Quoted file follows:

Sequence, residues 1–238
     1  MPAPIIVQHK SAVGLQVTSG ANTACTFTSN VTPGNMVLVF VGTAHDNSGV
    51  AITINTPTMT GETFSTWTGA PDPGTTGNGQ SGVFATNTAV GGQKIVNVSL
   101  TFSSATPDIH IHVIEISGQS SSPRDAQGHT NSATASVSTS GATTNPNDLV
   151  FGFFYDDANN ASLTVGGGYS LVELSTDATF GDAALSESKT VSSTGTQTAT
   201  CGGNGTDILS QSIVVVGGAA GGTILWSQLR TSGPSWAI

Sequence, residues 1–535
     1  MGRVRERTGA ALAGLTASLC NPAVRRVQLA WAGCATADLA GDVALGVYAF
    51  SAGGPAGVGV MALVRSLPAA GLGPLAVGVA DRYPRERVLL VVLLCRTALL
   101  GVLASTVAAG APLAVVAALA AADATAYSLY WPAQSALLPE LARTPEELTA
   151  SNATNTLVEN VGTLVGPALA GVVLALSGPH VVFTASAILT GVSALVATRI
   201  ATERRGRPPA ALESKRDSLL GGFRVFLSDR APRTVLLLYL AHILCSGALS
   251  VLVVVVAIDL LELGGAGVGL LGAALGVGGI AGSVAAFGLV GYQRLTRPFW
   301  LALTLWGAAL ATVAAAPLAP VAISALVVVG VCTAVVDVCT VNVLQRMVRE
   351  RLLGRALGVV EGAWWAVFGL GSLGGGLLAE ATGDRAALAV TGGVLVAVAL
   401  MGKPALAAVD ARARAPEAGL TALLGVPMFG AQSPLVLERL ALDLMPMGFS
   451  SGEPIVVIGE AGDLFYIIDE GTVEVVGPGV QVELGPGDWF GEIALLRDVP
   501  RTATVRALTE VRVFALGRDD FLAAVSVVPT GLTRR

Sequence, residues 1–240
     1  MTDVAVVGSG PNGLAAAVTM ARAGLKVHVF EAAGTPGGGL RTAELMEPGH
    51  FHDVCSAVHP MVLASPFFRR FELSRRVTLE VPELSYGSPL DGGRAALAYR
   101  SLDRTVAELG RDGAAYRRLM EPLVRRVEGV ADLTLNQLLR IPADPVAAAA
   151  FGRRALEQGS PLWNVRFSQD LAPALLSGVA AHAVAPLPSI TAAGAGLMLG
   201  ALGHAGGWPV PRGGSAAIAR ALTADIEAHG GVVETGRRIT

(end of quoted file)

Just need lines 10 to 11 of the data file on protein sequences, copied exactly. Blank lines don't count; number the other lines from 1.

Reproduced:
   101  GVLASTVAAG APLAVVAALA AADATAYSLY WPAQSALLPE LARTPEELTA
   151  SNATNTLVEN VGTLVGPALA GVVLALSGPH VVFTASAILT GVSALVATRI